“You never have enough antennas”



I’ve only been doing this ham radio thing a short while.  But I’ve already stumbled upon one of its veritable truths… hanging a wire antenna isn’t the hard part.

I mean, you spend however much time over however many days gazing up at your trees, estimating heights, and stepping off distances.  Then, after all that planning, you spend more time shooting lines – three of ‘em, one for the feedpoint and two more for each of the legs.  And then you pull up your wire and tie off the three parts.  And once all that’s done, you run back to the shack to see how it works.  Sitting there at the radio, you’ll be nodding your head happily.

A few minutes later you go back outside, look at that feed line strung out across your lawn… and cry a little bit.

First, a little sidebar… last summer I decided to run underground electric to the shed where I keep my motorcycles.  Since the building is about eighty feet from the house I elected to install a sub-panel at the entrance.  Having decided to do it that way, code required a separate, dedicated ground.

Now I was a telephone man back in the day.  Installing ground rods isn’t exactly new to me.  Alas, the tool the Bell System provided us with to achieve that notable task was something called a no-bounce hammer.  Think small sledge with a hollowed out head filled with a sand-like substance to deaden each blow – ergo, the “no-bounce.”  It truly was a great tool for many things.  But mounted atop its short, 15” wooden handle, it didn’t exactly impart a lot of leverage or momentum.

Driving a 5/8” 8-foot ground rod was the devils own work, in other words.  Something telephone men would go to great lengths to avoid.  And so as I stared at the nice new, shiny rod for my DIY shed project, I wondered how I might get it into the ground.  I could just go start pounding away, of course.  But in the intervening years I’ve come to appreciate the benefits of machinery.  Brains over brawn.

My first thought was the obvious one… buy or rent a hammer drill.  That’s what the construction guys use, after all.  Who would know better than them?

Alas, despite being very tempted – who wouldn’t want to own a hammer drill?! – the cheapskate inside me, the very one who insisted this be a DIY project in the first place, quickly overruled that option.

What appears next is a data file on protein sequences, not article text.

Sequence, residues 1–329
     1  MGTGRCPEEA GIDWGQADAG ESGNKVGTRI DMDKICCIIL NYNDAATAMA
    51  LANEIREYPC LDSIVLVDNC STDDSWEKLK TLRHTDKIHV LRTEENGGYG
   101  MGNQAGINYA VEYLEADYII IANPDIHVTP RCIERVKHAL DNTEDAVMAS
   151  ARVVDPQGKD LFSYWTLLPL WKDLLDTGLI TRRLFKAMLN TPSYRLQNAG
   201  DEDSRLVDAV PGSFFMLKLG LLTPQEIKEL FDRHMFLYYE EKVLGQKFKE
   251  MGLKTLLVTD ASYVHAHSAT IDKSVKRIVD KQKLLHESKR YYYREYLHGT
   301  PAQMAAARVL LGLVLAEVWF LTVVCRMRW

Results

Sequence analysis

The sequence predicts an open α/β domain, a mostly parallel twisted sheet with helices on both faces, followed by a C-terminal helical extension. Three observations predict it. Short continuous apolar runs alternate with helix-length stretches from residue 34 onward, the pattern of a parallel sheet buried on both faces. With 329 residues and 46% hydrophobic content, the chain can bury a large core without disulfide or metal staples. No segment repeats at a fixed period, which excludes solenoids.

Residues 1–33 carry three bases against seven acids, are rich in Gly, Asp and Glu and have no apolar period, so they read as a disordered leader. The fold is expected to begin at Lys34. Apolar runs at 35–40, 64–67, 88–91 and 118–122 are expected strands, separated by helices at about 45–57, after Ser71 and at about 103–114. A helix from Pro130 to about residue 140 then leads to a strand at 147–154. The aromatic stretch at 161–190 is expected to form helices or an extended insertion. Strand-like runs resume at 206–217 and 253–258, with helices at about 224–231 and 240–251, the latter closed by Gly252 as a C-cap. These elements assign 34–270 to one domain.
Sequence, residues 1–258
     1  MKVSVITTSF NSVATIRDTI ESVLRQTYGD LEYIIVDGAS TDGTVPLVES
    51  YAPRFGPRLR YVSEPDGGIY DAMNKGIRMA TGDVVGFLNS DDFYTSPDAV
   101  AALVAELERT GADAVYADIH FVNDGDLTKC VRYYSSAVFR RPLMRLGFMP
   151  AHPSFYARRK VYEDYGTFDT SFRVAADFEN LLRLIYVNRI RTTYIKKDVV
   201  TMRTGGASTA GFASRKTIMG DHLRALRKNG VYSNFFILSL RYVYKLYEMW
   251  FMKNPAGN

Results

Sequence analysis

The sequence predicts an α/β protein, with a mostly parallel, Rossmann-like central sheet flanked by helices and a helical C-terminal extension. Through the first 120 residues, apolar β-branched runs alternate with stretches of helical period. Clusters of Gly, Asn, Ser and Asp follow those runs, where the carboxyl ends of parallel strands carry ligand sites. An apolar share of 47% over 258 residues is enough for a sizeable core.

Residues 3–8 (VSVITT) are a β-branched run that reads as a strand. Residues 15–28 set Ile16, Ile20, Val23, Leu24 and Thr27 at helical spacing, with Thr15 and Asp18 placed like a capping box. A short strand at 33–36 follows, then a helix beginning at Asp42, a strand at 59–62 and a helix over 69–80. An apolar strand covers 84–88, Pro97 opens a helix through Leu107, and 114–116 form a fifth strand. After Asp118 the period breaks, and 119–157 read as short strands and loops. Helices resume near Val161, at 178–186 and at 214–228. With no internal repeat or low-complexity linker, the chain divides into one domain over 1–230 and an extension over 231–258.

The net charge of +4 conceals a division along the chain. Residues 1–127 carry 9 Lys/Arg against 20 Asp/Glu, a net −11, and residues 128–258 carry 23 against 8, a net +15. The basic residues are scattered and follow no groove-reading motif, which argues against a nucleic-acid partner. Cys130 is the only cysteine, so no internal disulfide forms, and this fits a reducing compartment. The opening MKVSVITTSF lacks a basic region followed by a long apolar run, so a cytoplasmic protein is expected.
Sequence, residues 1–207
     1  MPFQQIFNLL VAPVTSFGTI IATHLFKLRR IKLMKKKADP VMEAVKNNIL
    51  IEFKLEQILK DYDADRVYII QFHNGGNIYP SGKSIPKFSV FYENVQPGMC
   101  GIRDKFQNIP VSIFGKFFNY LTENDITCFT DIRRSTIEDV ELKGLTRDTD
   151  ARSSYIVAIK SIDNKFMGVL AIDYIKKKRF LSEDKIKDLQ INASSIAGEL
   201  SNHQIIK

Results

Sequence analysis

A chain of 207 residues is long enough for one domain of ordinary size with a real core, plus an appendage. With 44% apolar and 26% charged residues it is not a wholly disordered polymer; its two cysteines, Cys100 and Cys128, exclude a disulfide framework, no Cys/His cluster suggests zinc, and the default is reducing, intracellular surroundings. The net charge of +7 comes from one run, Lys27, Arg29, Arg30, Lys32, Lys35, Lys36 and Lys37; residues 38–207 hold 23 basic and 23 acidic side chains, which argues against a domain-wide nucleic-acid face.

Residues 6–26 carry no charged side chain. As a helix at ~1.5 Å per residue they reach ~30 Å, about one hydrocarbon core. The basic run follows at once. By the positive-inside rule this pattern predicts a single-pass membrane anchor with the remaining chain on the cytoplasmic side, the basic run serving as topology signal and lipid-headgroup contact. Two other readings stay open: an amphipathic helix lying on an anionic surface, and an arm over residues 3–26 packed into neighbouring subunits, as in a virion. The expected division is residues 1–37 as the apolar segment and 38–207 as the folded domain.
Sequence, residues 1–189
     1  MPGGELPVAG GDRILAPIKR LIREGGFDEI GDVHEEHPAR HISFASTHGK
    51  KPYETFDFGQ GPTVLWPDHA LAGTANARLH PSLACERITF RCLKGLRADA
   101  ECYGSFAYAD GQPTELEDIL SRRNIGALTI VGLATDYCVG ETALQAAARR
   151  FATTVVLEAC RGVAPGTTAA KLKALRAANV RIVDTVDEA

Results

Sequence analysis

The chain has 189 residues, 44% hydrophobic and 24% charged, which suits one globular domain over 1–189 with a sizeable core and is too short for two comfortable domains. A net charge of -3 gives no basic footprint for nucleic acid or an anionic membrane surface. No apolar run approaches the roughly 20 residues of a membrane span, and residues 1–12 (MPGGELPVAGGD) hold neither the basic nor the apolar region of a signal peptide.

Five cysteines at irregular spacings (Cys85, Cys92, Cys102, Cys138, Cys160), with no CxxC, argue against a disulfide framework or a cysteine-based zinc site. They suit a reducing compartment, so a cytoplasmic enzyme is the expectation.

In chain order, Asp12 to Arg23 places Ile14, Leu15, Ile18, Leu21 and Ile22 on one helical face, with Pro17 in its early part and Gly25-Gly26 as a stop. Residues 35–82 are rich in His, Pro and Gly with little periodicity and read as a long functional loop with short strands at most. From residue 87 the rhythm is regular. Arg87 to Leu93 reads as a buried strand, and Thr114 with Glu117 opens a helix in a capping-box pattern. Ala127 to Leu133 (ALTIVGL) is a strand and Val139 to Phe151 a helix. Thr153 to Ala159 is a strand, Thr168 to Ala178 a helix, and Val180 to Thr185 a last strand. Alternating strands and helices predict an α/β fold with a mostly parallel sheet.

Having dismissed the obvious, I wondered if there was anything else – any sort of tool or device – that might help.

Well, Google and YouTube are your friends.  I did, in fact, come across a little-known technique for driving a ground rod with no tools and little effort, using only a small pail of water.  It was so simple I honestly didn’t think it would work.  But ten minutes later, a stunned but happy me was a believer.  A few months later when I was setting up my first ham shack and needed to drive yet another ground rod, the technique proved just as fast and easy.

It reinforced something I already knew… that we rarely know all the answers.  And that often there is an unconventional solution to the problem we face.

When I hung my first HF antenna – a 40-meter OCF dipole – I had about fifteen feet of ground where the feed line had to be buried.  I used the conventional approach to that effort – mattock and shovel.  Fifteen feet may not sound like much – and it’s not – but digging a 6” deep trench across that length of ground isn’t trivial.  The tools and the technique dictate that you’ll end up moving an astonishing amount of dirt just to get that wire down half a foot.  It took me a couple of hours.

Now, gazing up at my lovely, new second antenna – an 80-meter OCF dipole – and then down at the hundred-odd feet of feed line laying across my lawn, I blanche at the thought of trying to bury it.

I know what I need, of course.  One of these…

It’s never a good sign when the website doesn’t list the price, but instead says to “call.”  Nevertheless, those of you who can afford one should just stop reading now.  This is all you’ll ever need.

For the rest of us, there is something.  Something that takes that hundred-foot trenching project and turns it from a full weekend of back-breaking effort into a vastly easier, 2-3 hour, piece of work.  A couple of Ibuprofens, instead of the whole bottle.


Wilton Trenching Spade – A Tool That Really Works


It’s called the Wilton Thinline Trenching Spade and it’s made by a fellow named Dan Wilton, up in Michigan.  It works on the simple principle of pushing a large, flat blade straight into the ground, then pushing forward and backward a couple times such that the soil separates.  You end up with a very narrow trench – just an inch or so wide – perfect for getting that RG213 or LMR400 eight inches or so into the ground.

No, Dan Wilton doesn’t have a slick storefront or a fancy website.